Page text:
Left Ventricular Geometry on Transthoracic Echocardiogram and Prognosis after Lacunar Stroke: The SPS3 Trial

Thalia S Field, Lesly A Pearce, Richard W Asinger, Nathan G Chan Smyth, Sabe K De, Robert G Hart, Oscar R Benavente
Journal of Stroke and Cerebrovascular Diseases: the Official Journal of National Stroke Association 2015, 24 (6): 1423-9

BACKGROUND: The spectrum, prevalence, and prognostic implications of abnormal left ventricular geometry (LVG) in patients with lacunar stroke are unknown. We examined the spectrum of LVG and its relationship with vascular risk factors and outcomes after lacunar stroke.

METHODS: LVG was determined with transthoracic echocardiography for 1961 patients with magnetic resonance imaging-verified recent lacunar stroke participating in the Secondary Prevention of Small Subcortical Strokes trial. Multivariable logistic regression and Cox proportional hazards models were used to identify characteristics independently associated with LVG and to estimate risk from abnormal LVG for recurrent stroke and death.

RESULTS: Abnormal LVG was present in 77%. Hispanic (odds ratio [OR], 1.4; 95% confidence interval, 1.1-1.8) or black (OR, 2.0; 1.3-2.9) race-ethnicity, diabetes (OR, 1.3; 1.0-1.7), hypertension, impaired renal function (OR, 1.8; 1.2-2.5), intracranial stenosis (OR, 1.5; 1.1-2.1), and abnormal left ventricular function (OR, 2.0; 1.4-3.0) were independently associated with abnormal LVG. Subjects with abnormal LVG also more frequently had advanced manifestations of small-vessel disease specifically previous subcortical infarcts and white matter hyperintensities. After adjusting for assigned treatments, clinical risk factors, and advanced manifestations of small-vessel disease, subjects with abnormal LVG remained at increased risk of stroke recurrence (hazard ratio, 1.5; confidence interval, 1.0-2.4). There was no interaction between LVG and assigned antiplatelet or blood pressure target. Abnormal LVG was not associated with mortality.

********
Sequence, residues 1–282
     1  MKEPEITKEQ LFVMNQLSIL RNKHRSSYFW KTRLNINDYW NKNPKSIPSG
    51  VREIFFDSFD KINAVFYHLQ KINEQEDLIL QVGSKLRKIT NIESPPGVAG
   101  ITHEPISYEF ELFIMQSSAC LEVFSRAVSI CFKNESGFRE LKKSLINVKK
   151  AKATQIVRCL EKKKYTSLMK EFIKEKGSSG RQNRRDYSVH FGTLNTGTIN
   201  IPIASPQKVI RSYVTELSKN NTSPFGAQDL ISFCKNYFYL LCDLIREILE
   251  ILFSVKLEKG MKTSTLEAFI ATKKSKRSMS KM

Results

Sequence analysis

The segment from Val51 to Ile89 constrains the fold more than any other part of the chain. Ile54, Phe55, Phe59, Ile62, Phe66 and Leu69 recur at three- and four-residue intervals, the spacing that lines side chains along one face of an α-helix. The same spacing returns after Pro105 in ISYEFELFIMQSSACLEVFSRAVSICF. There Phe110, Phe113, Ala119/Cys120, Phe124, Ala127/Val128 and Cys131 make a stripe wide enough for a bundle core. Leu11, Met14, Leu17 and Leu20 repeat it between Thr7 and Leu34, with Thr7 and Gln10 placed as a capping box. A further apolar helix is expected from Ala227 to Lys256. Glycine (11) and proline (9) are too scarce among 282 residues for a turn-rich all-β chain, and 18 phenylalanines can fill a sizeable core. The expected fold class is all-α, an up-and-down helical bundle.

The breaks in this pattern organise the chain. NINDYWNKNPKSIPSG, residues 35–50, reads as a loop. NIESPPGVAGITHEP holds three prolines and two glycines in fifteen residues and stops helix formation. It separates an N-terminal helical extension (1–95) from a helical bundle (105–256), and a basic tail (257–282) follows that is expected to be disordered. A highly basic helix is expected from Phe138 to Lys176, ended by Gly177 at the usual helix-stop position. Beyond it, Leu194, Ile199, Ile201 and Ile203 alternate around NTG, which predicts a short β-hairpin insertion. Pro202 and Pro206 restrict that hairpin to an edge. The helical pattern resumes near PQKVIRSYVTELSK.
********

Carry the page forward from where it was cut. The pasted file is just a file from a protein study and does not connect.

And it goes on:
CONCLUSIONS: LVG consistent with chronic hypertensive changes was highly prevalent and correlated with neuroradiologic manifestations of small-vessel disease in lacunar stroke patients. These results support the constructs that both cerebral small-vessel disease and LVG represent end-organ consequences of chronic hypertension.

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